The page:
2017 ORS 238A.200¹
Actuarial equivalency factor tables

(1) Once every two calendar years, the Public Employees Retirement Board shall adopt actuarial equivalency factor tables for the purpose of computing the payments to be made to members of the pension program and their beneficiaries and alternate payees under ORS 238.465 (Benefits payable to others under certain judgments). The tables may be adopted in conjunction with the biennial evaluation of the Public Employees Retirement System required by ORS 238.605 (Actuarial report on system). Tables adopted under this section must use the best actuarial information on mortality available at the time the board adopts the tables, as provided by the actuary engaged by the board. Actuarial equivalency factor tables adopted under this section become effective on January 1 of the calendar year following adoption of the tables by the board. All computations of payments must use the actuarial equivalency factor tables that are in effect on:

(a) The effective date of retirement for any member or alternate payee;

(b) The date that the first payment is due for any person receiving a death benefit under ORS 238A.230 (Death benefit); or

(c) The date that the first payment is due after any recalculation of payments that is not attributable to error, including but not limited to recalculations under ORS 238.465 (Benefits payable to others under certain judgments) (2).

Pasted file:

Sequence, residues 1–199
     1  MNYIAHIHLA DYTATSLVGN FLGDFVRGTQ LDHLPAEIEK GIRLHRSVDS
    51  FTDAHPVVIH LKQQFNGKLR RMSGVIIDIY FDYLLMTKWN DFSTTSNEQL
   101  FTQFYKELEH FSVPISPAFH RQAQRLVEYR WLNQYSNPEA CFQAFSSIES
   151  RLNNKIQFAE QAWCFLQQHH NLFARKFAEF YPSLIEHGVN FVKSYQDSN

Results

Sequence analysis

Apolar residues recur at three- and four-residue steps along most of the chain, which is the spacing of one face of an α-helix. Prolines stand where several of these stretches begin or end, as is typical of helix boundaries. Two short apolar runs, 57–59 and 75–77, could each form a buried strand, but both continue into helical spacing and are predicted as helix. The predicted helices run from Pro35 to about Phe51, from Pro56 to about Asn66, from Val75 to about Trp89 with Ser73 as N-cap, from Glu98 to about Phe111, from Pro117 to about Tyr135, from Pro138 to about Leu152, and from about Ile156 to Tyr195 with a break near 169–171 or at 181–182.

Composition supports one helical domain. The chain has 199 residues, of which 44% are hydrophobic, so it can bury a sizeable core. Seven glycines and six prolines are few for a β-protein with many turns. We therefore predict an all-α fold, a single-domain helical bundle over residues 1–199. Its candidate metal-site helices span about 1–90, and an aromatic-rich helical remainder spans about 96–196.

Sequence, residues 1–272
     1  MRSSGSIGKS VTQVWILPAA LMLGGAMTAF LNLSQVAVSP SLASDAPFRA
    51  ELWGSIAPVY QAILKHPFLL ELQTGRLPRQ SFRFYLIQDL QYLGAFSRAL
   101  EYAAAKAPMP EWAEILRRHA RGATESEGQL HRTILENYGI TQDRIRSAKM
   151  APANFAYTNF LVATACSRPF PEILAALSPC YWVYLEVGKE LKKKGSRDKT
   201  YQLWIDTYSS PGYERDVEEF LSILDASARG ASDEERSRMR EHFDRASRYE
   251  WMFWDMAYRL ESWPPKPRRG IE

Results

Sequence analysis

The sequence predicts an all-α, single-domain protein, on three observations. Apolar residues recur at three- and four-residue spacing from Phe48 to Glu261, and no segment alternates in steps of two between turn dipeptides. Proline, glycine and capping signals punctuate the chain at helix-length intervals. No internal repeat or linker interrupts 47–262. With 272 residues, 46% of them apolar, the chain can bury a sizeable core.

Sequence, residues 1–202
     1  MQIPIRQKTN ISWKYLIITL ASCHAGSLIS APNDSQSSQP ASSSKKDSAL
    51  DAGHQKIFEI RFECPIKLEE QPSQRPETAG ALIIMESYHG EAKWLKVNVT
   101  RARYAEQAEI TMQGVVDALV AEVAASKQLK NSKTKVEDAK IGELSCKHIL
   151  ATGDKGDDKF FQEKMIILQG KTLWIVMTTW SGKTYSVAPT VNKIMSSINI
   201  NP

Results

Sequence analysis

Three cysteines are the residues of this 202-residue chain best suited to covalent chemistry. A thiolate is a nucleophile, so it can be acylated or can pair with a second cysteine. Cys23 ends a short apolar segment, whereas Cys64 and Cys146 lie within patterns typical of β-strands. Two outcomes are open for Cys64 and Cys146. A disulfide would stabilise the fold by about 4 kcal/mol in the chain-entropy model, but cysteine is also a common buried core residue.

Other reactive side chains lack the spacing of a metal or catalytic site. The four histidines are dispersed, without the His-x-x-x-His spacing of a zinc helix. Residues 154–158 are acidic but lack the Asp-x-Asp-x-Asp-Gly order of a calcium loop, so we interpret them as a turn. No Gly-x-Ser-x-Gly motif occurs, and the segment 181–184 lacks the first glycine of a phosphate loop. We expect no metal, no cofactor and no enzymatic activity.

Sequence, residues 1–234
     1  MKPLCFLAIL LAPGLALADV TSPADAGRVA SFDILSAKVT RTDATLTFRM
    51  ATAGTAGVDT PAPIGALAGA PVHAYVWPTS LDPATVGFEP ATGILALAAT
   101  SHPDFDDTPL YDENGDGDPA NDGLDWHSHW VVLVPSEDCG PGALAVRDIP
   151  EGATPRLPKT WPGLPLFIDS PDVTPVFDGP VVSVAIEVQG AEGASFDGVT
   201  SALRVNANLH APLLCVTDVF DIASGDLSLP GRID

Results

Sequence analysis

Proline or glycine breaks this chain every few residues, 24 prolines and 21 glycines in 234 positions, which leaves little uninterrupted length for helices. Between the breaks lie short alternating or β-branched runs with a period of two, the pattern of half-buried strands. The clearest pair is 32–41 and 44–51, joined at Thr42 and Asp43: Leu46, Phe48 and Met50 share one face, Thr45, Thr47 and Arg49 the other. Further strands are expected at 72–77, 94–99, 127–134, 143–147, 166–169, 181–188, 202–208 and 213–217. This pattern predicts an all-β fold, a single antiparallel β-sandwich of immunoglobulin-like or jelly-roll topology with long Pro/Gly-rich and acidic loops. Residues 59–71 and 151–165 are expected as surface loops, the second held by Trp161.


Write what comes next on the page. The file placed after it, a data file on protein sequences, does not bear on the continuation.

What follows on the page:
(2) The board may not defer or delay implementation of the actuarial equivalency factor tables adopted under this section. [2003 c.733 §22]

1 Legislative Counsel Committee, CHAPTER 238A—Oregon Public Service Retirement Plan, https://­www.­oregonlegislature.­gov/­bills_laws/­ors/­ors238A.­html (2017) (last ac­cessed Mar. 30, 2018).
 
2 OregonLaws.org contains the con­tents of Volume 21 of the ORS, inserted along­side the per­tin­ent statutes. See the preface to the ORS An­no­ta­tions for more information.
 
3 OregonLaws.org assembles these lists by analyzing references between Sections. Each listed item refers back to the current Section in its own text. The result reveals relationships in the code that may not have otherwise been apparent.